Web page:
if you had actually read the review properly, you would have known not to expect anything like what you would expect at an Indian resto in the UK. The praise I heaped on it was nothing to do with the quality of the food which I agree is rather ordinary (though I only ate alone there once). It was because I thought the guy had pitched it right. Good simple easy to understand menu. Good, cheap pricing. I could just imagine it getting him a living by ordinary Filipino couples for whom even 200 pesos is quite a lot of money to pay for a meal turning up. Which indeed it seems to be doing as it has now been open for a year.

 

he is, unless he is an idiot which I doubt, not interested in foreigner customers like me or you. They are irrelevant to him. There are hardly any in Bacolod. As for Indian food usually being a bit of a disappointment, every Brit expat always says that. They always make a beeline for an Indian even when they live in the US, which usually has a much superior restaurant scene to the UK. US Brit expats always say they never seem to have an Indian meal in the US that is as good as they can get in the UK, even at expensive places.

 

and you don't have to go all the way to the UK from the Philippines, for a decent choice of Indian food. Malaysia is only a couple of hours away by plane, though again it is nothing like the kind of Indian food that is available in the UK.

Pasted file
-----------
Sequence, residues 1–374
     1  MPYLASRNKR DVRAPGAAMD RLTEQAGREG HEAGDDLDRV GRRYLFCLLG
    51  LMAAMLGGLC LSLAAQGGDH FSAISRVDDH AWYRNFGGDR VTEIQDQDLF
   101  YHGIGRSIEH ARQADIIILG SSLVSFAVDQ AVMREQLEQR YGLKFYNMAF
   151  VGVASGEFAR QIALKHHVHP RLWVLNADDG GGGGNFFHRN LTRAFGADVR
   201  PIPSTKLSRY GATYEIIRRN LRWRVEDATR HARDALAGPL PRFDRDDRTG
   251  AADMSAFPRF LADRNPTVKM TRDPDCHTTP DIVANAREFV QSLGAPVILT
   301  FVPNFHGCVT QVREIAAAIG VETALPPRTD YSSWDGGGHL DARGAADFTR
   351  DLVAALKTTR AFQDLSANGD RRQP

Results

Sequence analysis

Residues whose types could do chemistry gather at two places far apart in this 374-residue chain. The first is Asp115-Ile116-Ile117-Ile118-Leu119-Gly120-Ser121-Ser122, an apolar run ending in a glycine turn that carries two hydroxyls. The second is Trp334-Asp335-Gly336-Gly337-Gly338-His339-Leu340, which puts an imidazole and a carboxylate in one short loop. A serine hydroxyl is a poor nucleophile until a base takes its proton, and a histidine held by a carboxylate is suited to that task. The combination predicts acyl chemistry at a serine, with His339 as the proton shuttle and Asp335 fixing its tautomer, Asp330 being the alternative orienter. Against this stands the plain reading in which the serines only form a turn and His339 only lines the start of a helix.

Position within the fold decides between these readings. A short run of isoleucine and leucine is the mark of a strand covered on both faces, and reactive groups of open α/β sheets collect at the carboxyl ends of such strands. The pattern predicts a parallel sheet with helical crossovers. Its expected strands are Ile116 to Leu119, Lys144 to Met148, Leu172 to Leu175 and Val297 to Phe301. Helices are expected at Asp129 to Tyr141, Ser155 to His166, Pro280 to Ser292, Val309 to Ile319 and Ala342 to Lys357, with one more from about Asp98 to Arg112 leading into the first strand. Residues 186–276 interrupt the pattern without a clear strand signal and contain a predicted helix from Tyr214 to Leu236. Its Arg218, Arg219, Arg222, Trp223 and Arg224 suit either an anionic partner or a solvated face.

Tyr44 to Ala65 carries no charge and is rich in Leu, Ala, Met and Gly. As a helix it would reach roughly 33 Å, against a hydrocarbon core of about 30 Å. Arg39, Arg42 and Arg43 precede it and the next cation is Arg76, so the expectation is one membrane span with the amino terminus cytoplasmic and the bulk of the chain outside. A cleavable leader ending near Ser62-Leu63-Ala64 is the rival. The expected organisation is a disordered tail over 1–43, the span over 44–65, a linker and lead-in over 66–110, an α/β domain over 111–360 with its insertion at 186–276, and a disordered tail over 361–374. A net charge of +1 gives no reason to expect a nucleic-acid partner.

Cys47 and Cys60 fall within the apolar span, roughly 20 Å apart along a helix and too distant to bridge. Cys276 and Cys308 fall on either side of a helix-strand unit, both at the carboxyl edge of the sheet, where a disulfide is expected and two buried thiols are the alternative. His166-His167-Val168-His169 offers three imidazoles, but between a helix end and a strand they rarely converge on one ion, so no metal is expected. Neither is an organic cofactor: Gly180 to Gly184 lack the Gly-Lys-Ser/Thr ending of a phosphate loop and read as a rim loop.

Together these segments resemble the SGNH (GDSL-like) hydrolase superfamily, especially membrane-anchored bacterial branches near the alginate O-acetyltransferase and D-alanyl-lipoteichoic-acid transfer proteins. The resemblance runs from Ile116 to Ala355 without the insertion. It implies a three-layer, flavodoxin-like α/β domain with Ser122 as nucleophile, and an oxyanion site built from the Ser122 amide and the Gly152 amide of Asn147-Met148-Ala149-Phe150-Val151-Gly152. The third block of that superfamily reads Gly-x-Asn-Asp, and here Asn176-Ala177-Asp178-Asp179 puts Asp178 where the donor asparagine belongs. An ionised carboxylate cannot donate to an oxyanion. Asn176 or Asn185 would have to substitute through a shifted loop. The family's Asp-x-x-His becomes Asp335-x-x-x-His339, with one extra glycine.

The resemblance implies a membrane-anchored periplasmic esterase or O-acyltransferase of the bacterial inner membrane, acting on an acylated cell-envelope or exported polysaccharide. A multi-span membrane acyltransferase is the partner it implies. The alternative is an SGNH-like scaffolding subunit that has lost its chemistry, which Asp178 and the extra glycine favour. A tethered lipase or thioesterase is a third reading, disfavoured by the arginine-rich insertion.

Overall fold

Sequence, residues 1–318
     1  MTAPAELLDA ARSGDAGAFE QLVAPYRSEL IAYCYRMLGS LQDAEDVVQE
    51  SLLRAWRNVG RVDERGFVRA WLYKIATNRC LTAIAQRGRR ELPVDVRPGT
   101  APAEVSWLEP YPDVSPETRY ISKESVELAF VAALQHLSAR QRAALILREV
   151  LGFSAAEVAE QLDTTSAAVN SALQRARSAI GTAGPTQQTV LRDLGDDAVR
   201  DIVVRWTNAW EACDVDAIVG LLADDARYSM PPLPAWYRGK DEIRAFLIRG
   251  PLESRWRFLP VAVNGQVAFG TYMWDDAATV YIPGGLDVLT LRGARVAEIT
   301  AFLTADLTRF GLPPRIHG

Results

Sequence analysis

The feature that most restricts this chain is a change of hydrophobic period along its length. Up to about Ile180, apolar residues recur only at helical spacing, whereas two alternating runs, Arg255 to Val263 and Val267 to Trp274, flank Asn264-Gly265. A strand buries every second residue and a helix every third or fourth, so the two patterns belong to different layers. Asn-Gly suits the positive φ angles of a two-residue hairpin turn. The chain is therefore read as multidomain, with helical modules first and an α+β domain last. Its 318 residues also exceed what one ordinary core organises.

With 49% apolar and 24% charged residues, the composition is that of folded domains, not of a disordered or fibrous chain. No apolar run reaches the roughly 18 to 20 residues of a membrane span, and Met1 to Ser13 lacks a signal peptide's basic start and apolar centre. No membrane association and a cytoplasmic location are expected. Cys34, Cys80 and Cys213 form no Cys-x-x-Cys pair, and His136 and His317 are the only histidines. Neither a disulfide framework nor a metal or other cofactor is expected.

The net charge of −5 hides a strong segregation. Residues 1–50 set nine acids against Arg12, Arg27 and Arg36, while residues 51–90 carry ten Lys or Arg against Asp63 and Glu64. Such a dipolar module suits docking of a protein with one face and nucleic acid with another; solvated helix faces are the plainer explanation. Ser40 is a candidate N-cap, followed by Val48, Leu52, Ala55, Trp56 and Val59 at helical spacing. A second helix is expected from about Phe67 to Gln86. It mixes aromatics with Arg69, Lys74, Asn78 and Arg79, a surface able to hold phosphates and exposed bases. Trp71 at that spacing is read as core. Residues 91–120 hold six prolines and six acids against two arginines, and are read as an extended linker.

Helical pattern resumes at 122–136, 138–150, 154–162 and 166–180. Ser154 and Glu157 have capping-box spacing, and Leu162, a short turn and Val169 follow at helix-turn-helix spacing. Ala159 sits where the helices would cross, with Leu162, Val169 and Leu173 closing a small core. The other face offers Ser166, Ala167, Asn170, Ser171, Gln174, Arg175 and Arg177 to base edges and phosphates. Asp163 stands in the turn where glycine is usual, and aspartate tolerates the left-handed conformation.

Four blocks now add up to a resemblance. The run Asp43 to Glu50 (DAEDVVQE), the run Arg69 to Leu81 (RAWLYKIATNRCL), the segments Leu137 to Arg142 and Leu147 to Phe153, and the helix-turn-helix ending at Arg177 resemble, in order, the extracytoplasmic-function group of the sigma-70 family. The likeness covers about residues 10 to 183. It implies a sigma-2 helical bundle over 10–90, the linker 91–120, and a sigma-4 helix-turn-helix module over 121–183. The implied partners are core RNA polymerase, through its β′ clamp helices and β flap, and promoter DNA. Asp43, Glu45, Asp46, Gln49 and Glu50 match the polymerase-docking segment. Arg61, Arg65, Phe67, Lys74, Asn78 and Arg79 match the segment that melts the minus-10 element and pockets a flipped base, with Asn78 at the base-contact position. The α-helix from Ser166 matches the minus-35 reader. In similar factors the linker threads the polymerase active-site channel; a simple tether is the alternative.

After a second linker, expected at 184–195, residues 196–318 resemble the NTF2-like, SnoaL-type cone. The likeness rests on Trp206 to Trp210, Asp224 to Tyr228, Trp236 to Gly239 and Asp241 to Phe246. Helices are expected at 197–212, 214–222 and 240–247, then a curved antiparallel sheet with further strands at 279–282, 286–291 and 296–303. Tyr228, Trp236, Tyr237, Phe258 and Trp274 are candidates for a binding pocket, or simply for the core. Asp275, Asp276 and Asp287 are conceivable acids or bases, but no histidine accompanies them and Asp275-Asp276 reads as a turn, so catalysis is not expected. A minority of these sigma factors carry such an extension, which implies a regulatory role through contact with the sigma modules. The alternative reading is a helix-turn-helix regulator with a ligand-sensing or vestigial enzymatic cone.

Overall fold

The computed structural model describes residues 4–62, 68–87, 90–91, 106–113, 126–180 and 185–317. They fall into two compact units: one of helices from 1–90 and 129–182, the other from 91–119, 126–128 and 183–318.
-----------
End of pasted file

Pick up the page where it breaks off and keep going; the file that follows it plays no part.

That’s not the future.

 

Indian food, because of the import duties one pays to import spices, is relatively expensive to make in the Philippines.

It may start out inexpensive in Mumbai or Singapore but by the time it reaches Manila or Cebu, its cost has tripled. This fact, more than the slim

palettes of the locals, is the main roadblock.

 

Even Mr India runs into this problem and his family operates a store importing these goods. His answer was to offer cheap meals and modest portions and to go for volume. He has more or less done what this Bacolod chap appears to have done and there are lots of foreigners here in cebu.

 

 

But it is not working well because the consistent volume is just not there. He has a branch open now near the hospital and he will try to get the medical crowd.

 

The only way for it to make it worth your while is to pursue fine ,or at least finer dining, and perhaps a buffet for lunch. Discard and marginalize  the budget meals, the students and the tight wads. The 49 peso crowd only pays the bills at carenderias and fast food, again, because of the high volume.